3000 BCE – The Ankh, referred to as the “Key of Life,” is associated with eternal life. Its design symbolizes the morning sun joining with the male and female principles of the heavens and earth. In carrying the ankh, one held the key to the Tree of Life (the immortal soul.)
Heliopolis Creation Story – Atum/Amum/RA (Sun God) emerged from the watery world of Nu/Mut/Naumet (Primordial Mother Goddess) on a mound called Benben (Rock). As Benben grew within the empty space Atum/Ra (Sun God), Shu (God of Air) and Tefnut (Goddess of Water) were created. Shu and Tefnut created Nut (Goddess of Sky/Tree of Life) and Geb (God of Earth.) Nut defined the limits of the world as her arms and legs touched the earth in the four directions (symbolic of a trees roots). Nut mated with Geb and gave birth to Isis (Goddess of Motherhood), Osiris (God of Fertility), Set (God of Chaos) and Nephthys (Goddess of Chaos.) Nut was both a Sky Goddess and an Earth Mother who symbolized the duality and oneness of the Tree of Life.
2400 BCE – Heliopolis’s Egyptian name is Iunu, meaning “pillar/tree.” An Obelisk is a tapered four-sided column with a square base, topped with a Benben stone (four-sided pyramid) designed to catch the first rays of dawn. (obelisk’s are symbolic of trees and function as sundials)
The Sun temple in Heliopolis was called “On.” In the Egyptian Book of the Dead, there is a reference to the Benben stone, which says: ‘O Atum-Khoprer, you became high on the height, you rose up as the benben-stone in the Mansion of the Phoenix at On’.
The Greeks interpret the word “On” as “being.” The self-creation myth of Heliopolis is both male and female. The Gods Ra and Nu were self-created and subsequently created life. The Benben stone is also referred to as the creation mound. The self-resurrecting Phoenix is its symbol. The Phoenix is often depicted as sitting in a tree. Thus an obelisk represents the Tree of Life and the Benben is the Phoenix that rises within it.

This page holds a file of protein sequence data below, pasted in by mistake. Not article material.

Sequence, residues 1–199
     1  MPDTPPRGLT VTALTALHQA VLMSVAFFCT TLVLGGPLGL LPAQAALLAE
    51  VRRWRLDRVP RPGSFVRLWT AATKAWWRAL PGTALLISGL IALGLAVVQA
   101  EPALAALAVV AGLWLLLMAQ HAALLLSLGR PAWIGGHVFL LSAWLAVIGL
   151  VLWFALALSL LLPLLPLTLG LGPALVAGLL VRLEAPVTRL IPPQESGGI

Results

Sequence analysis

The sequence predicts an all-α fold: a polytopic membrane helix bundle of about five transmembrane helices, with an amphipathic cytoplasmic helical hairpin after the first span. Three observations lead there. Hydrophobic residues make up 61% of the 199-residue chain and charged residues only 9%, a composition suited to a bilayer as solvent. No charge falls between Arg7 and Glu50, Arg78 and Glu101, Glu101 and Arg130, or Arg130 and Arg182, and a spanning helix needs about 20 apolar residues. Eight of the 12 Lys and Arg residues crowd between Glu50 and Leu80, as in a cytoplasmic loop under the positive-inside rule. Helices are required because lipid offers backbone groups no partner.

In the above image the God Thoth (God of Wisdom and Heavenly Scribe) holds an engraved fruit from the Ished Tree (Tree of Life.) The Ished was associated with the following trees; Persea, Leebek, Sycamore, Tamarisk and Acacia.
Fruit from the Tree of Life gave eternal life and knowledge of the divine plan, or map of destiny. The fruit from the Tree of Life was not available to mortals, only in the rituals relating to eternity in which the gods refreshed aging Pharaohs, which further symbolized the Pharaohs unity with the gods. Thoth was the representative of RA, (Sun God.) Thoth’s symbol was the Moon. Thoth’s female counterpart was Seshat, who’s symbol was the stars.
The Djed Pillar is also symbolic of the Tree of Life, used in Architecture. It is associated with the Osirian resurrection story. Osiris (God of Fertility) was seduced by his brother Set (God of Chaos) to lie down in a beautiful wooden chest. Set immediately closed it and threw it into the Nile. It floated down the Nile and across the sea until it was deposited at the foot of a Sycamore, Tamarisk or Acacia tree. As the tree grew, it enclosed Osiris within its trunk. The tree was cut down and used as a pillar in the palace of the King of Byblos in Syria.